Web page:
Here's an interesting story about Cadbury's new Crispello and how it is being marketed to women (in the UK) - A Chocolate Bar for Women: At Least It's Not Wrapped in Pink by Susan Berfield.
Are you wondering why women need their own chocolate bar? Me too. Well, turns out Crispello isn’t actually a bar, it’s “three curved crispy wafer shells, each one filled with a smooth creamy center, dipped in Cadbury milk chocolate,” according to a statement from the company.
It's always a little dangerous to create a product, "just for women" unless women truly do have a unique need that is different from men. I've found a better way is to simply market a product to women without calling it a "product for women only."
But back to Crispello and Susan's article. Here's where Cadbury gets themself in trouble….
Here’s what a Cadbury spokesman (who was unavailable today) told the Daily Mail “The mix of wafer and chocolate is a lighter way to eat chocolate, and we know from experience that women are attracted to this particular format. It will also appeal to women, because it is in three separate portions so they can consume a little at a time rather than in one go.”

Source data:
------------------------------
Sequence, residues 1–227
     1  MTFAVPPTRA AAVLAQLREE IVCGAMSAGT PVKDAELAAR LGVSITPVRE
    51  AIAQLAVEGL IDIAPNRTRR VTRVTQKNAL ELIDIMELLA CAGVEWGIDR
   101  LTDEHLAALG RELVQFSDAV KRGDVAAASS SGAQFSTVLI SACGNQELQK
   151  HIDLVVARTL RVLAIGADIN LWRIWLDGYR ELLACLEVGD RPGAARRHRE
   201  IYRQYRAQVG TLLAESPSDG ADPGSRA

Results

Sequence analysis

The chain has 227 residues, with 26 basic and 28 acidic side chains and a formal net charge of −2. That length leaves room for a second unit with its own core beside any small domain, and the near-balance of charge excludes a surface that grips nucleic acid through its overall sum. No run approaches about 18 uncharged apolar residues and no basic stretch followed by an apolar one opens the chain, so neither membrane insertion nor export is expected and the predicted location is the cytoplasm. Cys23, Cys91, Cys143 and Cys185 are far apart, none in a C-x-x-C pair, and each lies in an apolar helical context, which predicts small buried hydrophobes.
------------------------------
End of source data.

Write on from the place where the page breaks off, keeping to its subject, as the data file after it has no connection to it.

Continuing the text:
I’m sorry, did the spokesman just tell women how to eat chocolate? “That is a bit of a no-no,” says Joan Steuer, who makes a living telling companies how to market chocolate. “Women have an emotional relationship with chocolate, it’s the most emotional food on the planet. We don’t need to be told what to do with our chocolate. We’ll do the opposite.”
I've written before about marketing chocolate to women – Men Are From Mars, Women Are From Hershey. It's a great example of how and how not to market to women. In the Hershey Mars example from the article, as in the Cadbury case, it's super important not to use judgemental language.
If you have a product or service and you want to position it as "just for women," make sure there is a specific and real reason why you are labeling it a "women only" product. Consider instead marketing it to women without labeling at is "for women only."
If you do create a product just for women, beware of any judgemental language. Women are very aware of anything that sounds condescending.
I'm curious, when was the last time you saw a dessert product marketed to men implying they should eat less or smaller portions? Does anyone have any examples?